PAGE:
Franklin half dollar has "black and white" effect: Market Analysis
- Published: Jul 1, 2015, 4 AM
Franklin half dollars are popular with collectors in Proof because the spare design just looks good as a Proof, with deeply mirrored fields and — sometimes — frosty devices. Here are three Proof Franklin half dollars from Heritage’s recent June 4 to 7 auctions held during California’s Long Beach Expo. Each is a handsome representative of the popular design by John R. Sinnock that depicts Benjamin Franklin on the obverse and the Liberty Bell on the reverse.
1957 Franklin half dollar, Proof 68 Deep Cameo CAC
Deep Cameo is a designation that PCGS uses to identify coins that have deeply frosted devices and lettering that contrast with the fields, creating a “black and white” effect, and it’s specifically applied to 1950 and later Proofs. The Deep Cameo designation is abbreviated DCAM. (NGC uses the term Ultra Cameo to describe the same effect.)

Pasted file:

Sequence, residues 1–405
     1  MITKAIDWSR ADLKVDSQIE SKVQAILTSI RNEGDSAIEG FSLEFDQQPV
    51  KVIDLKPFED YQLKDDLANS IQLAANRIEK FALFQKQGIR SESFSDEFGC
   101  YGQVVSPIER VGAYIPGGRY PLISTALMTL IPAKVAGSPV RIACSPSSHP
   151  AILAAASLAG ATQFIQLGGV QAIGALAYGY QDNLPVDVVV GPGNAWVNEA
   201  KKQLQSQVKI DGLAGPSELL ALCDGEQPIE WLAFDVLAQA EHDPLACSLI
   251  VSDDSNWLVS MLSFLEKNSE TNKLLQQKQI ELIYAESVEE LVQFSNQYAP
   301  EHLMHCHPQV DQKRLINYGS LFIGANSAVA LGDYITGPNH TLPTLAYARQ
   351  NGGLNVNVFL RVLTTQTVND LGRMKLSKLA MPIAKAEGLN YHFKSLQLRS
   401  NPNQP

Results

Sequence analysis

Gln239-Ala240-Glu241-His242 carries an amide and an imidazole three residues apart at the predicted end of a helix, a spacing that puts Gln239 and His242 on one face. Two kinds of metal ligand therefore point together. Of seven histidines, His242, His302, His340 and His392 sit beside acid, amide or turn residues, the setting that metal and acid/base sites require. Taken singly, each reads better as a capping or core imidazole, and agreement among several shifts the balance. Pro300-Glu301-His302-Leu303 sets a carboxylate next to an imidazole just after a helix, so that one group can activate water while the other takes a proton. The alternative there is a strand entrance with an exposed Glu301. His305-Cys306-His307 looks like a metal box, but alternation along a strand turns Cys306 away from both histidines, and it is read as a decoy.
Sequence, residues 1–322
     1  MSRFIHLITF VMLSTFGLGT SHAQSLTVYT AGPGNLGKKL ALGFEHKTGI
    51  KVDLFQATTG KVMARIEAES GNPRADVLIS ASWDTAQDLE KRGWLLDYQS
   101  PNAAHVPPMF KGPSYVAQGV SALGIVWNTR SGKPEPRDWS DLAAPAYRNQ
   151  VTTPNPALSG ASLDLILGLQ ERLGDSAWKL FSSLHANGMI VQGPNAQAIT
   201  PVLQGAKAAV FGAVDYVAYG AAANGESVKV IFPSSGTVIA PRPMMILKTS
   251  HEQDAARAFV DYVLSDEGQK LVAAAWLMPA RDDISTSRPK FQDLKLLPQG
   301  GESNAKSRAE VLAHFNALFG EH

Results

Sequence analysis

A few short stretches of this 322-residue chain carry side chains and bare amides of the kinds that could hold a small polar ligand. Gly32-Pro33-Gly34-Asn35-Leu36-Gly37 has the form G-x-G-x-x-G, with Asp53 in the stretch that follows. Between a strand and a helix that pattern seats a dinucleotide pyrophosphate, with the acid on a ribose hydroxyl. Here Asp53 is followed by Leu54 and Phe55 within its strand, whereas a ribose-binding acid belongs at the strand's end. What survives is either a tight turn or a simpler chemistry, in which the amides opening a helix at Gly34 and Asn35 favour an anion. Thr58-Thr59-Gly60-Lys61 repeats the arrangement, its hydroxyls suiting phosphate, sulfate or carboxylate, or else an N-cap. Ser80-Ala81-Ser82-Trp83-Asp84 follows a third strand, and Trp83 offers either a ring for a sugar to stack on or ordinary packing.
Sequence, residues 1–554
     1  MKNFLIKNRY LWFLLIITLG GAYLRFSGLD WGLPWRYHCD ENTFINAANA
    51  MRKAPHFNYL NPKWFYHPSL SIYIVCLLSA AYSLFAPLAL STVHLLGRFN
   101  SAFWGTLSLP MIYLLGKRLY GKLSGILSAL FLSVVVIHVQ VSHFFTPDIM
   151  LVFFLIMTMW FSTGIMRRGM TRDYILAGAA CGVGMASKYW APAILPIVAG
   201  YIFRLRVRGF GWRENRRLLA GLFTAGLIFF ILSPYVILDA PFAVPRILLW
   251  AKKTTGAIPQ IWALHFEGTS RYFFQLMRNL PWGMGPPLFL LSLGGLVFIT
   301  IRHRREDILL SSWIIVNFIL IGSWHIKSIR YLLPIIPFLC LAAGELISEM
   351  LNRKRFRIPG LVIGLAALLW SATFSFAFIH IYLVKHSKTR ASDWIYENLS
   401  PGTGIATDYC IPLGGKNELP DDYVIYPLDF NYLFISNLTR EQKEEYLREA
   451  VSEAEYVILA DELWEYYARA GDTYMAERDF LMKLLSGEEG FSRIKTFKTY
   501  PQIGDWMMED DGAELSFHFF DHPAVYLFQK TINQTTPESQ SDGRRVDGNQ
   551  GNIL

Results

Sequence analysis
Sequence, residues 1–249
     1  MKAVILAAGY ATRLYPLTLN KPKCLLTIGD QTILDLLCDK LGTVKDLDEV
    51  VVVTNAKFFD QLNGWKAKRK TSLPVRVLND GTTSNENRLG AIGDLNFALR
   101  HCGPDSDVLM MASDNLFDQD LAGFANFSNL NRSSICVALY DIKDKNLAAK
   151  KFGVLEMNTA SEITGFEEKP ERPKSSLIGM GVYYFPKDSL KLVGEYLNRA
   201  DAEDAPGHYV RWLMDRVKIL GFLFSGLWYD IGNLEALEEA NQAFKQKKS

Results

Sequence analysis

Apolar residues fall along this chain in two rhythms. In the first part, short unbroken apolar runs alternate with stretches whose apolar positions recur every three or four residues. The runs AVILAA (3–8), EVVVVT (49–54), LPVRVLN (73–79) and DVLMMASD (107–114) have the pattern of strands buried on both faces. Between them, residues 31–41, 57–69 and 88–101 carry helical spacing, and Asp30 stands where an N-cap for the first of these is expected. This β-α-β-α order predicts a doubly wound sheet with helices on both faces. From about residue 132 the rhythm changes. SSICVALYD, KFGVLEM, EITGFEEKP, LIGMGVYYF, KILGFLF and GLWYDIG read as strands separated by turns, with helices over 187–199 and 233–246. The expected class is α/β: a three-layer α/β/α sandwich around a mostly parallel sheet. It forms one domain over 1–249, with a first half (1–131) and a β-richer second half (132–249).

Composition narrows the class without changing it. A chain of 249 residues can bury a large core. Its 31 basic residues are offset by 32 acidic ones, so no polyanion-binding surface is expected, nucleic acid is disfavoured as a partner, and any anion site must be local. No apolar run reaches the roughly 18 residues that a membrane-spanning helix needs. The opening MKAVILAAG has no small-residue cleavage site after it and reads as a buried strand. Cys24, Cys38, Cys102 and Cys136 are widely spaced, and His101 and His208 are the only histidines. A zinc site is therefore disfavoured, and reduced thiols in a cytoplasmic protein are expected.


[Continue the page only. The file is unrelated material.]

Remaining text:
This 1957 Franklin half dollar has the heavy contrast one expects from a DCAM Franklin half dollar with a razor-sharp strike and no distracting hairlines, marks or abrasions. Carrying a green Certified Acceptance Corp. sticker, it sold for $1,762.50 at Heritage’s June 5 Long Beach auction.
It is one of 73 similarly graded examples at PCGS with just two finer at PCGS. While none of the PCGS Proof 69 Deep Cameo 1957 half dollars have appeared at auction recently, at the 2013 Florida United Numismatists auction, Heritage sold an NGC-graded Proof 69 Ultra Cameo 1957 half dollar for $10,575.
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